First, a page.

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By MARTY FINLEY
RADCLIFF — The push for a smoke-free Radcliff continues this week for a group of individuals dedicated to the cause.
The Hardin County Tobacco Free Coalition is hosting a forum at Colvin Community Center Tuesday at 7 p.m., outlining the health perils related to smoking, as well as secondhand smoke.
Al McDonald, a spokesman for the forum and organizer of Smoke-free Radcliff, said the event is slated to feature four doctors and two nurses, who will discuss the dangers of smoking and answer questions from the public.
It’s just one of two forums scheduled at the center, with a second forum to follow in late August, focused on the different aspects of rights wrapped up in the topic.
The forum is open to the public and smoking opponents and advocates alike are encouraged to attend and discuss the issue, McDonald said.
“We’re just trying to get more people aware and involved,” he said.
For McDonald and his wife, Marilyn, clearing the smoke from Radcliff restaurants has been something of a quest.
Smoke-free Radcliff approached Radcliff City Council in 2007, asking its members to remove smoking from local restaurants. McDonald said the group originally pursued the matter as a non-smokers’ rights issue, but he said their primary focus now is to stress the health risks while supporting it with the rights argument.
The proposal was met with opposition by the council, but McDonald said a new election and a new council member encouraged the group to try again. It kicked off its latest effort by addressing the council directly during a recent meeting.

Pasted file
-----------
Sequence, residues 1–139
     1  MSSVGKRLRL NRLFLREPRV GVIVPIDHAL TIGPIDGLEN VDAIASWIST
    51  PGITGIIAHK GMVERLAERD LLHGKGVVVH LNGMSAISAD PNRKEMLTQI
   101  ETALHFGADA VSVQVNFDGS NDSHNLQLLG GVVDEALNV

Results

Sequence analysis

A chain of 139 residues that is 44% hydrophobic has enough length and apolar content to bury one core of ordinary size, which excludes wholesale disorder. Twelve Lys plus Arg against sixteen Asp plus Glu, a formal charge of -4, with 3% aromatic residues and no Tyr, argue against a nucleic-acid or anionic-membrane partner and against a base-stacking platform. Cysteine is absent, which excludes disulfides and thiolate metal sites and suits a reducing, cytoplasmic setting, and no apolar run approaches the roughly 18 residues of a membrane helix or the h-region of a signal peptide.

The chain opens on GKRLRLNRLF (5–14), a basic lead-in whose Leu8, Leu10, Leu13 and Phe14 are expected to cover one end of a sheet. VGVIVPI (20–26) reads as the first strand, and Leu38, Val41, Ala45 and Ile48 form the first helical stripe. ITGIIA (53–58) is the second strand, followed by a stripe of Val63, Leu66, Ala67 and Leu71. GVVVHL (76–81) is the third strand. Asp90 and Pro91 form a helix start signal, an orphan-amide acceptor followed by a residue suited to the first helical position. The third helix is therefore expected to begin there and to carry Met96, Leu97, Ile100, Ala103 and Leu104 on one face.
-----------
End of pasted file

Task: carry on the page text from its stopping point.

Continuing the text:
Smoke-free Radcliff is lobbying for another vote in the fall, he said.
“We’re gonna hope for the best,” he said.
But for now, the group is just trying to build awareness and gather its strength, McDonald said.
His doggedness to see legislation enacted is inspired by several factors, including the children he teaches as a substitute teacher. McDonald, who has taught health classes in the past, said several students have approached him looking for advice on how to convince their parents to stop smoking.
The staggering number of lung cancer patients is another factor, he said.
“You don’t have to be a genius to know its bad for you,” he said.
Beyond the health issue, the group has expressed a desire to return to Radcliff restaurants. Most who spoke at the meeting said they drive to Elizabethtown or elsewhere to dine out.
McDonald said he wants to see Radcliff follow the lead of cities like Elizabethtown and Lexington in establishing smoke-free facilities.
“It’s out there, and we want to get the problem fixed,” McDonald said.
Marty Finley can be reached at (270) 505-1762.